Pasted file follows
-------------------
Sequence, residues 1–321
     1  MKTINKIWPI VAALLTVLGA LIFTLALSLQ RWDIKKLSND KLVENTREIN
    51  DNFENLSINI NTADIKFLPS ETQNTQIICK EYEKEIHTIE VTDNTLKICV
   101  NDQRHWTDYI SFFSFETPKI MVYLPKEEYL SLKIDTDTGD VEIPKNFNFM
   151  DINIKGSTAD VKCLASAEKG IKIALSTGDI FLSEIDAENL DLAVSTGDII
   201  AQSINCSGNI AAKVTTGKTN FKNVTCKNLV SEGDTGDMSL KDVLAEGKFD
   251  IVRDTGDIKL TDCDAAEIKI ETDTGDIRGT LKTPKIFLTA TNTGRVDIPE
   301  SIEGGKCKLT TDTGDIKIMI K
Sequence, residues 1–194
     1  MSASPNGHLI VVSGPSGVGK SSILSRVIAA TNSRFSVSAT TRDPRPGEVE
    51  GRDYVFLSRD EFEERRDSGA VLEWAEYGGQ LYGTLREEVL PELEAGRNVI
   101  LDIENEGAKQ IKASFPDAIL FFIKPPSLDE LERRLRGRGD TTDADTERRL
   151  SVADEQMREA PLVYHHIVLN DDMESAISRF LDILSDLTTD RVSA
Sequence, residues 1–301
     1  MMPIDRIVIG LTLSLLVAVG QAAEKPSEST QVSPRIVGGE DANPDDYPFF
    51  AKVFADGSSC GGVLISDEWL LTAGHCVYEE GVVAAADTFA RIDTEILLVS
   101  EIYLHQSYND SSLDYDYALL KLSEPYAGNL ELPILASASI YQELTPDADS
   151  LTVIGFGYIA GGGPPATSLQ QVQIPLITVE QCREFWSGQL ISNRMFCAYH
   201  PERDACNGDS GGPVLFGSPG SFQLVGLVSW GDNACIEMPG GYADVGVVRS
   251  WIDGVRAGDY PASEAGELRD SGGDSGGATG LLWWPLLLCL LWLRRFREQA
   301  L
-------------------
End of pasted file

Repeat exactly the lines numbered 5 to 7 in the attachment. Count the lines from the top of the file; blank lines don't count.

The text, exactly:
   151  DINIKGSTAD VKCLASAEKG IKIALSTGDI FLSEIDAENL DLAVSTGDII
   201  AQSINCSGNI AAKVTTGKTN FKNVTCKNLV SEGDTGDMSL KDVLAEGKFD
   251  IVRDTGDIKL TDCDAAEIKI ETDTGDIRGT LKTPKIFLTA TNTGRVDIPE